Writers in Fact and Fiction | Audio in Advance September 2016 | Stephanie’s Picks

41EDkB96PsL__1467215635_35461Franklin, Ruth. Shirley Jackson: A Rather Haunted Life. Blackstone. ISBN 9781504739078. Reader TBA.
Still known to millions only as the author of the “The Lottery,” Shirley Jackson (1916–1965) remains curiously absent from the American literary canon. A genius of literary suspense, Jackson plumbed the cultural anxiety of postwar America better than anyone. Now, biographer Ruth Franklin reveals the tumultuous life and inner darkness of the author behind such classics as The Haunting of Hill House and We Have Always Lived in the Castle.

Koch, Herman. Dear Mr. M. Brilliance. ISBN 9781501241185. Reader TBA.
Once a celebrated writer, M’s greatest success came with a suspense novel based on a real-life, unsolved disappearance. Upon publication, M.’s novel was a bestseller, one that marked his international breakthrough. That was years ago, and now M.’s career is almost over as he fades increasingly into obscurity. But not when it comes to his bizarre, seemingly timid neighbor who keeps a close eye on him. Why? From various perspectives, Koch tells the dark tale of a writer in decline, a teenage couple in love, a missing teacher, and a single book that entwines all of their fates. 

le Carré, John. The Pigeon Tunnel: Stories from My Life. Books on Tape. ISBN 9780735210066. Read by the author.
From his years serving in British Intelligence during the Cold War, to a career as a writer that took him from war-torn Cambodia to Beirut on the cusp of the 1982 Israeli invasion, le Carré has always written from the heart of modern times. In this, his first memoir, le Carré is as funny as he is incisive, reading into the events he witnesses the same moral ambiguity with which he imbues his novels. Whether he’s writing about the parrot at a Beirut hotel that could perfectly mimic machine gun fire or the opening bars of Beethoven’s Fifth, visiting Rwanda’s museums of the unburied dead in the aftermath of the genocide, or celebrating New Year’s Eve 1982 with Yasser Arafat and his high command, le Carré endows each happening with vividness and humor.

DFW__1467215682_65335Max, D.T. Every Love Story Is a Ghost Story: A Life of David Foster Wallace. Read by Malcolm Hillgartner.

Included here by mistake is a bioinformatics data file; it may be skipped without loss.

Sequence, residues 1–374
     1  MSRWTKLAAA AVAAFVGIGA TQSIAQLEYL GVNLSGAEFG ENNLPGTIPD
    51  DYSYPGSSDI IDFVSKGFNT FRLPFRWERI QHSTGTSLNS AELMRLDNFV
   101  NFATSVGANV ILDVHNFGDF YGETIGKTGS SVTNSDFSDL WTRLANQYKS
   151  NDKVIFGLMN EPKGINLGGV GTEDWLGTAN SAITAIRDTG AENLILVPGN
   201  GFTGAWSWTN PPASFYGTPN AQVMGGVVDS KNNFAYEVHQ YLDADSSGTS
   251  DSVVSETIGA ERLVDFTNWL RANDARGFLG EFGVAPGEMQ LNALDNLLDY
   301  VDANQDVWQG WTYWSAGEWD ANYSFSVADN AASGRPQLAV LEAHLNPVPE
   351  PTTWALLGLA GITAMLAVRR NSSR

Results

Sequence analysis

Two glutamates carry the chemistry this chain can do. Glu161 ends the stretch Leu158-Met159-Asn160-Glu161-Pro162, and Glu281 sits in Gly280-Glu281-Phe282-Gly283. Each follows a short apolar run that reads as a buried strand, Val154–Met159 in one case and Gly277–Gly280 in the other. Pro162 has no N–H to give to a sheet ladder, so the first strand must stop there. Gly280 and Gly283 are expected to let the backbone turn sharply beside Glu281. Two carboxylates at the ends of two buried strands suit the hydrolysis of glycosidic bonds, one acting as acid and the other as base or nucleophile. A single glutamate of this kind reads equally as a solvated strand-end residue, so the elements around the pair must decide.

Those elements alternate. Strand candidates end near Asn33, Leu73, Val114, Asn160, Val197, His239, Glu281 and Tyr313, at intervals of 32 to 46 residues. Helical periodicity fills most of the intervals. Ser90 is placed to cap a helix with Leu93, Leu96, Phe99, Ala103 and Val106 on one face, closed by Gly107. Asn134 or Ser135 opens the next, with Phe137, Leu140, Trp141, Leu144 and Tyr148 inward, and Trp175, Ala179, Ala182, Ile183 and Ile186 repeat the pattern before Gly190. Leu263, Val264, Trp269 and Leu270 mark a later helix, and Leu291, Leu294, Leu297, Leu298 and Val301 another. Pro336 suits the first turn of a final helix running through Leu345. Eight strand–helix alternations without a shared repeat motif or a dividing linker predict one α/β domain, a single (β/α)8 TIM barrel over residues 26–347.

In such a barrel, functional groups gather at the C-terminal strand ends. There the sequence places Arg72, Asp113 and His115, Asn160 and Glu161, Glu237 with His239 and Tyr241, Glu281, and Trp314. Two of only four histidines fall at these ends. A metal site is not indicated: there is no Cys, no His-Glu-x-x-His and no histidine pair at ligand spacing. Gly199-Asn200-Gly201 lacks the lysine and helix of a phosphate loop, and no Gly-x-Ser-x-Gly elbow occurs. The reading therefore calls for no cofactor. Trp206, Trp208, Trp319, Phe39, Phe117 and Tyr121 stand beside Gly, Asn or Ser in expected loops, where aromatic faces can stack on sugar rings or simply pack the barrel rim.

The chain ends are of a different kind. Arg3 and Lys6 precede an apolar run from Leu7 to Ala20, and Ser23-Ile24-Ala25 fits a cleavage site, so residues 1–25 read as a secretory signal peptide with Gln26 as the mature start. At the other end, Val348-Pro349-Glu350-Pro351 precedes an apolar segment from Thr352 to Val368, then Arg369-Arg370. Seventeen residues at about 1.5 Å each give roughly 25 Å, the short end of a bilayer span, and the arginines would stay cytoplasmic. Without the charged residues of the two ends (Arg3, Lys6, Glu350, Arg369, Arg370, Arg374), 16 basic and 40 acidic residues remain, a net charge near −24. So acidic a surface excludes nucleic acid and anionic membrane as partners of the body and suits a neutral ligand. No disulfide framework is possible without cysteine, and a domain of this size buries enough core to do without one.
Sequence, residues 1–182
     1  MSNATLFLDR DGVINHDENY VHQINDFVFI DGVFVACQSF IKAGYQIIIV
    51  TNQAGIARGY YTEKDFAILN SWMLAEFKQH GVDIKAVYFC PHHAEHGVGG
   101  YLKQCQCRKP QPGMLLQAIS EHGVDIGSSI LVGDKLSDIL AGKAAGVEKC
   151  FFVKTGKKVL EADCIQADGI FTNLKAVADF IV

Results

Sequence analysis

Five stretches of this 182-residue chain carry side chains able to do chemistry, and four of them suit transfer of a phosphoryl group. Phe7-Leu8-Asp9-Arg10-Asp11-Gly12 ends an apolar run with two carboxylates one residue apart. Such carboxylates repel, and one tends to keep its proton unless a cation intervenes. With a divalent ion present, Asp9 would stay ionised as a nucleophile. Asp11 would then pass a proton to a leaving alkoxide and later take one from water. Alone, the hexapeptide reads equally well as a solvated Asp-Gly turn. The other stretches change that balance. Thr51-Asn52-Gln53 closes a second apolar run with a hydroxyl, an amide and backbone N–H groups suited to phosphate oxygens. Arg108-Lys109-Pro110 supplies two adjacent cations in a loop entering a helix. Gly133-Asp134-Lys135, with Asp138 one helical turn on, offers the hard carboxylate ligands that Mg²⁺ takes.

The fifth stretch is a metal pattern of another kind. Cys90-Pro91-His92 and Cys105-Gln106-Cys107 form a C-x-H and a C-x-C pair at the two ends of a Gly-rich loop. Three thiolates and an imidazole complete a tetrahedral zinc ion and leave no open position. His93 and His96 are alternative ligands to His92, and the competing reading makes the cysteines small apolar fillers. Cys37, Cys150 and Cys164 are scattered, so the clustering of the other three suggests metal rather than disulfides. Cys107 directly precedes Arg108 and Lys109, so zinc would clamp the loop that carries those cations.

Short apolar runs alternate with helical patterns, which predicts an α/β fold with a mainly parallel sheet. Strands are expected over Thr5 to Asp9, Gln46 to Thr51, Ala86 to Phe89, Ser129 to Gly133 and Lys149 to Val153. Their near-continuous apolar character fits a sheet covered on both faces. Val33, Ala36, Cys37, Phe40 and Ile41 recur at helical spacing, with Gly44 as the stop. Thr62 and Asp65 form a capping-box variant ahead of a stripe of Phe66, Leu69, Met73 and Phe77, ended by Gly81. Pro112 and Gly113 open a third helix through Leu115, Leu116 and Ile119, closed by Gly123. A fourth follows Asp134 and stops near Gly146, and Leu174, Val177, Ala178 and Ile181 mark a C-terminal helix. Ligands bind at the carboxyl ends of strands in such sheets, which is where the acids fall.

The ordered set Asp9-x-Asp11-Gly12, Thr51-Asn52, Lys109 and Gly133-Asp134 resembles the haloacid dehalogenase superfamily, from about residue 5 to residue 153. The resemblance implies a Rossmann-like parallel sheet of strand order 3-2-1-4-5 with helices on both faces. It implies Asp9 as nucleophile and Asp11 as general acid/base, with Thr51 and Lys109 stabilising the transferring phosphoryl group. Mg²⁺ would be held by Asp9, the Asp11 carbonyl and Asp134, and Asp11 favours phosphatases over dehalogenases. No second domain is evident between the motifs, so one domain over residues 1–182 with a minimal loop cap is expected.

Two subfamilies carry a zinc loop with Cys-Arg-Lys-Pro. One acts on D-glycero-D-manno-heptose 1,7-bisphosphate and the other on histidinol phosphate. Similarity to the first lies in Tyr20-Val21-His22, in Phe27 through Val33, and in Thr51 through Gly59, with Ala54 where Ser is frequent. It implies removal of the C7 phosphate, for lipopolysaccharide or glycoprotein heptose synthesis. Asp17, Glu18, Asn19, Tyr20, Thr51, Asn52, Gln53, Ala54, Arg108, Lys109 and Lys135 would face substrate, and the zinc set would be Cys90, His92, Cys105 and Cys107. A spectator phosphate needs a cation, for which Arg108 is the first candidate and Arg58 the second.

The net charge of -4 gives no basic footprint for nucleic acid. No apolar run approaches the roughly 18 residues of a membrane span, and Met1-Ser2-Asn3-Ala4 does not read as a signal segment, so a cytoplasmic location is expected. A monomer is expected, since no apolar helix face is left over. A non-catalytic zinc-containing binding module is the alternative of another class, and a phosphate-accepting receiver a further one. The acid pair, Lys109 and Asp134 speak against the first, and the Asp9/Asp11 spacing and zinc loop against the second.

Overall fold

Max sets out to chart Wallace’s tormented, anguished, and often triumphant battle to succeed as a novelist as he fights off depression and addiction, taking readers from Wallace’s childhood in the 1970s in the Midwest to his hothouse success in his twenties and subsequent collapse into depression and drugs, ending with his triumphant novel of addiction and redemption, published when he was just 33. But Infinite Jest itself left as an open question what should come next, as Wallace sought hopefully—and then, increasingly, helplessly—for a way forward, stymied even in the midst of the happiest personal time he had ever known.

Quinn, Susan. Eleanor and Hick: The Love Affair That Shaped a First Lady. Books on Tape. ISBN 9780735289383. Reader TBA.
In 1932, as her husband assumed the presidency, Eleanor Roosevelt entered the claustrophobic, duty-bound existence of the First Lady with dread. A lifeline came to her in the form of a feisty campaign reporter for the Associated Press: Lorena Hickok. Over the next 30 years, until Eleanor’s death, the two women carried on an extraordinary relationship: The two were at different points lovers, confidantes, professional advisors, and best friends. Hick, as she was known, had grown up poor in rural South Dakota and worked as a servant girl after she was orphaned, eventually becoming one of the most respected reporters at the AP.

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Stephanie Klose About Stephanie Klose

Stephanie Klose (sklose@mediasourceinc.com, @sklose on Twitter) is Media Editor, Library Journal.